import Data.Matrix
import Math.Algebra.Polynomial.Class
import Math.Algebra.Polynomial.Pretty
import Math.Algebra.Polynomial.Multivariate.Compact
x1 :: ZPoly "x" 2
x1 = variableP $ Index 1
x2 :: ZPoly "x" 2
x2 = variableP $ Index 2
-- note: we have automatic conversion from
-- integers to polynomials
m :: Matrix (ZPoly "x" 2)
m = fromLists [ [x1, 0, -3, x1, 0, 0]
, [ 0, x1, 0, -3, x1, 0]
, [ 0, 0, x1, 0, -3, x1]
, [x2, -3, 0, x2, 0, 0]
, [ 0, x2, -3, 0, x2, 0]
, [ 0, 0, x2, -3, 0, x2]
]
```

Since `ZPoly "x" 2`

is an instance of the `Num`

class, we can calculate determinants right away!

```
ghci> pretty $ detLaplace m
"- 27*x2^3 + 81*x1*x2 - 27*x1^3"
```

This is so cool! Up to rescaling and reordering (which is no problem) this is exactly what the book says! The only downside is that the matrix takes a while to type in. But this can be fixed.

#### Constructing the Sylvester Matrix

To construct the Sylvester matrix of two polynomials

we play a cute little game. We make the first row by listing all of the coefficients of backwards, followed by zeros:

Then we repeat this same row times, but rotated to the right by one more each time. The th row is

Then for the next rows we do the same thing, but with playing the role of and playing the role of . At the end, we have a square matrix of order .

#### How to Calculate any Reslutant

With the construction in mind, we can write some Haskell to do the work for us. This time we’ll also make use of the `Math.Algebra.Polynomial.Univariate`

module, which of course provides support for univariate polynomials. The type `Univariate (ZPoly "x" 2) "t"`

corresponds to . After we’ve built our Sylvester matrix function, the resultant function follows easily.

```
{-# LANGUAGE DataKinds #-}
import GHC.TypeLits
import Data.Matrix
import Math.Algebra.Polynomial.Class
import Math.Algebra.Polynomial.Pretty
import Math.Algebra.Polynomial.Multivariate.Compact
import Math.Algebra.Polynomial.Univariate
x1 :: ZPoly "x" 2
x1 = variableP $ Index 1
x2 :: ZPoly "x" 2
x2 = variableP $ Index 2
polyF :: Univariate (ZPoly "x" 2) "t"
polyF = fromListP [ (U 3, x1) -- (power, coefficient)
, (U 1, -3)
, (U 0, x1)
]
polyG :: Univariate (ZPoly "x" 2) "t"
polyG = fromListP [ (U 3, x2)
, (U 2, -3)
, (U 0, x2)
]
orderP :: Polynomial p => p -> Int
orderP = maximum . map (totalDegM . fst) . toListP
coefficientListP :: (Ring c, KnownSymbol v) => Univariate c v -> [c]
coefficientListP p = [coeffOfP (U n) p | n <- [0..d]]
where
d = orderP p
--https://rosettacode.org/wiki/Shift_list_elements_to_left_by_3#Haskell
rotate :: Int -> [a] -> [a]
rotate n xs = take <*> (flip drop (cycle xs) . mod n) $ length xs
sylvesterMatrix :: (Ring c, KnownSymbol v) => Univariate c v -> Univariate c v -> Matrix c
sylvesterMatrix p q = fromLists $ pLists ++ qLists
where
d = orderP p
e = orderP q
pList = (reverse $ coefficientListP p) ++ (take (e-1) $ repeat 0)
qList = (reverse $ coefficientListP q) ++ (take (d-1) $ repeat 0)
pLists = [rotate (-n) pList | n <- [0..e-1]]
qLists = [rotate (-n) qList | n <- [0..d-1]]
resultant :: (Ring c, KnownSymbol v) => Univariate c v -> Univariate c v -> c
resultant p q = detLaplace $ sylvesterMatrix p q
```

```
ghci> mapPos (\(r,c) v -> pretty v) $ sylvesterMatrix polyF polyG
┌ ┐
│ "x1" "" "- 3*(1)" "x1" "" "" │
│ "" "x1" "" "- 3*(1)" "x1" "" │
│ "" "" "x1" "" "- 3*(1)" "x1" │
│ "x2" "- 3*(1)" "" "x2" "" "" │
│ "" "x2" "- 3*(1)" "" "x2" "" │
│ "" "" "x2" "- 3*(1)" "" "x2" │
└ ┘
ghci> pretty $ resultant polyF polyG
"- 27*x2^3 + 81*x1*x2 - 27*x1^3"
```

It works! Let’s see if that’s true for the problem’s second curve as well. In this case we have

becomes

becomes .

We have to look at the coefficients carefully again, but I’ll just skip to saying that they come from . To get this ring in Haskell, we’ll have to use the `Math.Algebra.Polynomial.Multivariate.Generic`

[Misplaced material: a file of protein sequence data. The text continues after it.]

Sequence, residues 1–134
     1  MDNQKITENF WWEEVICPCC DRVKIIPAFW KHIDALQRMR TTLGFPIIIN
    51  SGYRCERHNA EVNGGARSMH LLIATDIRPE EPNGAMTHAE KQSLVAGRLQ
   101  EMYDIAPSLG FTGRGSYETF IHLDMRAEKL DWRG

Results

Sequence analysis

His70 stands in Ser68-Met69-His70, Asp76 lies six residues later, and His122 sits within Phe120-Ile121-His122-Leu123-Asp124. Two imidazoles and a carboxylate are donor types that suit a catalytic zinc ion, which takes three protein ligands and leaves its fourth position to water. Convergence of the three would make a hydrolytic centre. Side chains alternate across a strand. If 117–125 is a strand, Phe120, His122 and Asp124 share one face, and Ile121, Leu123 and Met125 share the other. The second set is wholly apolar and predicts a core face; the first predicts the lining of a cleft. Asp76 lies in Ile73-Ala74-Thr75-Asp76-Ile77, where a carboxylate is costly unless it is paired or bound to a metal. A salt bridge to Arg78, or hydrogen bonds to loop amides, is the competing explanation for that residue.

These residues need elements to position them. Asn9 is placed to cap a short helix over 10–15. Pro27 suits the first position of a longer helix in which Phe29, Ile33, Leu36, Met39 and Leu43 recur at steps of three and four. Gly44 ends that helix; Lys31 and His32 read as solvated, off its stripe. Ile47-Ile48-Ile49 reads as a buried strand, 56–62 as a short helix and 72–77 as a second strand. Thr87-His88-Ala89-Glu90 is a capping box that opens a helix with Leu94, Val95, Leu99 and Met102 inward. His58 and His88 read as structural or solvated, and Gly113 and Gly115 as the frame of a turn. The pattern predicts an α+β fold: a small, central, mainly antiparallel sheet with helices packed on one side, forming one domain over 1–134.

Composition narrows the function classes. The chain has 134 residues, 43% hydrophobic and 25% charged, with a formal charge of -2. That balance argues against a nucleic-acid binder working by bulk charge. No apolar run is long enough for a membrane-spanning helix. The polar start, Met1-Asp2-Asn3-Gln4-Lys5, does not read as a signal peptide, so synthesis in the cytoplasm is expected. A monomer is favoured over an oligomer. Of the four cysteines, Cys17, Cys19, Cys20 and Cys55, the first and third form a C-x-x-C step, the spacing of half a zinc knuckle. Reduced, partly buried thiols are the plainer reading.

module. It allows for polynomials with variables which have arbitrary names. This also provides a `ZPoly`

type constructor, this time taking the type of variable and giving us a polynomial ring over those variables with integer coefficients. Note that the `Generic`

and `Compact`

modules cannot be used in the same file (without qualified names) or else there will be conflict over things like `ZPoly`

.

```
{-# LANGUAGE DataKinds #-}
import Math.Algebra.Polynomial.Class
import Math.Algebra.Polynomial.Pretty
import Math.Algebra.Polynomial.Univariate
import Math.Algebra.Polynomial.Multivariate.Generic
data Coefficient = X1 | X2 | A | B
deriving (Eq, Ord, Show)
instance Pretty Coefficient where
pretty c = case c of
X1 -> "x1"
X2 -> "x2"
A -> "a"
B -> "b"
x1 :: ZPoly Coefficient
x1 = variableP X1
x2 :: ZPoly Coefficient
x2 = variableP X2
a :: ZPoly Coefficient
a = variableP A
b :: ZPoly Coefficient
b = variableP B
polyF :: Univariate (ZPoly Coefficient) "t"
polyF = fromListP [ (U 2, x1)
, (U 1, -a)
, (U 0, x1)
]
polyG :: Univariate (ZPoly Coefficient) "t"
polyG = fromListP [ (U 2, x2 - b)
, (U 0, x2 + b)
]
```

```
ghci> mapPos (\(r,c) v -> pretty v) $ sylvesterMatrix polyF polyG
┌ ┐
│ "x1" "- a" "x1" "" │
│ "" "x1" "- a" "x1" │
│ "x2 - b" "" "x2 + b" "" │
│ "" "x2 - b" "" "x2 + b" │
└ ┘
ghci> pretty $ resultant polyF polyG
"4*x1^2*b^2 + x2^2*a^2 - a^2*b^2"
```

Once again, our Haskell agrees (up to reordering) with the book, and we haven’t had to calculate a single determinant by hand.

#### Problems with the Resultant Method

For the second curve, we can notice that is a valid point according to our implicit functions. But have a closer look at the parametric representation of the second coordinate: . We can see that for all values of . For a visual, I’ve plotted for .

This is an issue with the resultant, having to do with something called a root at infinity. In fact, we can see that . Still, such points do not belong to the parametric curve, so the parametric representation and the representation of the form (6.5) correspond to different curves.

#### Closing

I still haven’t given anything in the way of a proof that the representations are equivalent. In the case of the second curve, such a proof is impossible, as we have seen. Another very spooky thing that I’ve left out is the problems potentially created by only considering parameter values from , a field which is not algebraically closed. But I’m happy enough with my implementation of resultants in Haskell. I’ll leave the rest as an exercise for the reader.